When we read poetry of the Holocaust in English, it has almost always been translated. The project examines what it means to read this poetry in translation. How can poetry about historical events be translated creatively, so the result is a new poem in English, without falsifying or obscuring the link to the events themselves? How can the trauma and suffering embodied in such poetry still be felt by new readers in a new language?
The following example, Paul Celan’s ‘Totenhemd’, illustrates the sort of issues a translator needs to deal with. Paul Celan was a German-Romanian poet, often considered one of the most important modern poets in Europe, whose parents were murdered by the Nazis. He himself survived the Holocaust but committed suicide in Paris in 1970. Traumatised by the Holocaust and especially his mother’s death, he often addresses her in his poems.
This poem is typical of Celan’s poetry: complex, multi-layered, with references not only to the Holocaust itself but to the way one’s mind works in its aftermath. Below I give the poem first in my English translation. This is followed by the German original with an English gloss, so that you don’t need German to get a sense of what the original said. The numbers in the German original refer to the notes below the poem texts. I have put the numbers in the original rather than in my translation, because there are many possible ways of translating every poem (and, indeed, this poem has also been translated by others, such as Michael Hamburger), and because what I want to illustrate here is how a translator reads the original and considers what a new poem in English might do. It is important to remember that the translation is not Celan’s poem, but my interpretation of Celan’s poem. Such interpretation is crucial to the further existence of the poem in English.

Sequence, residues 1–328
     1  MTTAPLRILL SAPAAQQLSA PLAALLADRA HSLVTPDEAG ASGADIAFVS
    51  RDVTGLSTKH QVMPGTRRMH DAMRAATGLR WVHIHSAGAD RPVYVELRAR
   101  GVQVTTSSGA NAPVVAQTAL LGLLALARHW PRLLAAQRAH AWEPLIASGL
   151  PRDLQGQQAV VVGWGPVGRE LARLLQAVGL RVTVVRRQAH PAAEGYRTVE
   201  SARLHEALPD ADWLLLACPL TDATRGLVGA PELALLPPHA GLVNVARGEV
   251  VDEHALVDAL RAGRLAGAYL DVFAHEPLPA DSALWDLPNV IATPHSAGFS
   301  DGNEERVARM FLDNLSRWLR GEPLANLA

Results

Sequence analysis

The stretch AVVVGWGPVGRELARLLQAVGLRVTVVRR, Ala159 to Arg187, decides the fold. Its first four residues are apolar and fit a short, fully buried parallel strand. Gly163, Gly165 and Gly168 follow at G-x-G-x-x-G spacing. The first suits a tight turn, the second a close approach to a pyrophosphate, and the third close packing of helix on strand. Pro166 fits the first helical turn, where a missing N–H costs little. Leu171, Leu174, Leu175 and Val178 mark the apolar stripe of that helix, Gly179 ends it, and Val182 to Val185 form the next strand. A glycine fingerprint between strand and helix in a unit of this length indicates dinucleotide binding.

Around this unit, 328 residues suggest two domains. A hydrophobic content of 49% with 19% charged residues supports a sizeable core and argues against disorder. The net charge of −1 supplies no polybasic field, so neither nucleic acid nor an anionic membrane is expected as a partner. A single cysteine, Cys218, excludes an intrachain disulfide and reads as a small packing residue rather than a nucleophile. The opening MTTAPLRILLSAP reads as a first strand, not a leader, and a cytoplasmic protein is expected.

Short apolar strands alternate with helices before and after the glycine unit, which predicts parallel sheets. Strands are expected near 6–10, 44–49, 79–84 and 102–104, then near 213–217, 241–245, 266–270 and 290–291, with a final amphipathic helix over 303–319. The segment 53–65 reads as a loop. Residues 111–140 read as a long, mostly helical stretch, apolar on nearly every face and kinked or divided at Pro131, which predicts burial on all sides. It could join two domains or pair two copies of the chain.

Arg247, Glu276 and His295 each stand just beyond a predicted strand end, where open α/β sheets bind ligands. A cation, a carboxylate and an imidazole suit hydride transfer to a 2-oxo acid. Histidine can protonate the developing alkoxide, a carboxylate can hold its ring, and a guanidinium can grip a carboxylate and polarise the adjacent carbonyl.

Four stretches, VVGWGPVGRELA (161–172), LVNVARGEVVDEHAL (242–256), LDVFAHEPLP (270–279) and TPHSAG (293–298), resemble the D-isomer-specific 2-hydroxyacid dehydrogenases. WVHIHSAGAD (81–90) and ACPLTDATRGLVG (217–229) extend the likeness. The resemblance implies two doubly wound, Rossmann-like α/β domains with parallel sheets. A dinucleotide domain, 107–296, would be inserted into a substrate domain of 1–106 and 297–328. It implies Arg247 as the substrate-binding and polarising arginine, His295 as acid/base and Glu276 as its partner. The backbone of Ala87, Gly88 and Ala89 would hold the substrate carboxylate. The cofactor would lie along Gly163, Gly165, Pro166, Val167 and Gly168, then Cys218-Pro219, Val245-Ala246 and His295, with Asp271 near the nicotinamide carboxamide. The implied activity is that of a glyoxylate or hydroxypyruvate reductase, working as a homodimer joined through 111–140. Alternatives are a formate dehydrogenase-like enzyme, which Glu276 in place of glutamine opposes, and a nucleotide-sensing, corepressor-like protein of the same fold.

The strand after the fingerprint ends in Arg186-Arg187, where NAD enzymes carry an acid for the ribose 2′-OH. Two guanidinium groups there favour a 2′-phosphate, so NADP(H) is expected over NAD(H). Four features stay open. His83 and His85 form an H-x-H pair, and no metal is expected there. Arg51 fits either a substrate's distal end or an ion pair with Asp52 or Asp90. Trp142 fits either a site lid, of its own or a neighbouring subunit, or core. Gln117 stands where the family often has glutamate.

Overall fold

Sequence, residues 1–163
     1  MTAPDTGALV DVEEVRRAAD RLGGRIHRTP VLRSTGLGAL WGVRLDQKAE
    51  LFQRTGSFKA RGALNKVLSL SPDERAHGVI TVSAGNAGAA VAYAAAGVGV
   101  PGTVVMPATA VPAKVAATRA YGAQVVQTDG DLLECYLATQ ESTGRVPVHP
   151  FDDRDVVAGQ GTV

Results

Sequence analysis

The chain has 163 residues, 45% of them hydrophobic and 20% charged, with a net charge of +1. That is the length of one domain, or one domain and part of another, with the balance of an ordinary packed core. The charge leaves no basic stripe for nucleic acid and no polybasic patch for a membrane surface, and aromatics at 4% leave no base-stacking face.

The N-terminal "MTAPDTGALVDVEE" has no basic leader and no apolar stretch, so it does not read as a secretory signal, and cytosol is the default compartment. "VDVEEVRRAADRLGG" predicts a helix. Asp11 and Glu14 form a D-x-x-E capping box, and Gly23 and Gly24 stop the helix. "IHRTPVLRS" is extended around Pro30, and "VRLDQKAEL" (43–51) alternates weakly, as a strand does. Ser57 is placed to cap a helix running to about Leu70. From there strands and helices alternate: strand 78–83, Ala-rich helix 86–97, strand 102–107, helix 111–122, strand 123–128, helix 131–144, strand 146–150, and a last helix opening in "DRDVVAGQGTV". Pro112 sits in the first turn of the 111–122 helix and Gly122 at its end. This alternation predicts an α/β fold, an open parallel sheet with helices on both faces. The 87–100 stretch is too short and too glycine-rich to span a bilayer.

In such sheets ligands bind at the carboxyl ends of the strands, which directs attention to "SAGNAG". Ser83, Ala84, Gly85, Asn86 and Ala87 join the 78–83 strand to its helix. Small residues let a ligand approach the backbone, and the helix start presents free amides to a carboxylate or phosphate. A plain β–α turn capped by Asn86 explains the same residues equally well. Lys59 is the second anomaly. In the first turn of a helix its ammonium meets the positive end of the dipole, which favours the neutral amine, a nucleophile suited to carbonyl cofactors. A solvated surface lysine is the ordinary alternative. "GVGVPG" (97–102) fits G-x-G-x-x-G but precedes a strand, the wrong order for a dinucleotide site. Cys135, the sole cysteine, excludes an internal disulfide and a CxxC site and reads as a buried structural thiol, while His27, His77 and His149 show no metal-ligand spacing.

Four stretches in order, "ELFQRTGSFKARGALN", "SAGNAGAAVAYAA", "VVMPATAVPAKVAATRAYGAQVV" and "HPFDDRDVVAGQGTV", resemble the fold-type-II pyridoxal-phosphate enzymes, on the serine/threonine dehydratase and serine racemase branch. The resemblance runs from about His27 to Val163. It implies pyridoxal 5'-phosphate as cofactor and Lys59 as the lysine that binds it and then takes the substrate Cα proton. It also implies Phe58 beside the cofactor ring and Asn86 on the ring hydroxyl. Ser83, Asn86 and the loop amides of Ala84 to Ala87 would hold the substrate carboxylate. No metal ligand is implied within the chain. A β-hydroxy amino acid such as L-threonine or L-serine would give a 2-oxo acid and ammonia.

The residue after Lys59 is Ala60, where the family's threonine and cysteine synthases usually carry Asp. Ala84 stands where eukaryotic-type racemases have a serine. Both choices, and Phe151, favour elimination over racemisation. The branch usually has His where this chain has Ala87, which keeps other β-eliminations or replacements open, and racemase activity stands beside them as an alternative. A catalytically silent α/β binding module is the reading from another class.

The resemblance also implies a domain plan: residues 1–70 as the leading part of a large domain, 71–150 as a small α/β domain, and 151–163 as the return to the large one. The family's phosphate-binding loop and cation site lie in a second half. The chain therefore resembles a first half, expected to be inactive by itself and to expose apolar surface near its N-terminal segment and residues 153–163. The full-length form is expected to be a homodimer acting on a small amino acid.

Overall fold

That which you wove of lightest yarn
I wear to honour stone.
When in the dark I waken
the screams, it wafts above them.
Often when I ought to stammer
it throws out forgotten folds
and who I am forgives
the one I once was.
But the god of the rubbleheaps
strikes his dullest drum,
and just as the fold fell out
the Dark One wrinkles his brow.
Was du aus Leichtem wobst,
what you of something-light wove
trag ich dem Stein zu Ehren.
wear I the stone to honour
Wenn ich im Dunkel die Schreie
when/if I in-the dark the screams
wecke, weht es sie an.
wake wafts it them at
Oft, wenn ich stammeln soll,
often when/if I stammer should
wirft es vergessene Falten,
throws-up it forgotten folds
und der ich bin, verzeiht
and the-one I am forgives
dem, der ich war.
the-one who I was
Aber der Haldengott
but the rubble-heap-god
rührt seine dumpfeste Trommel
hits his dullest drum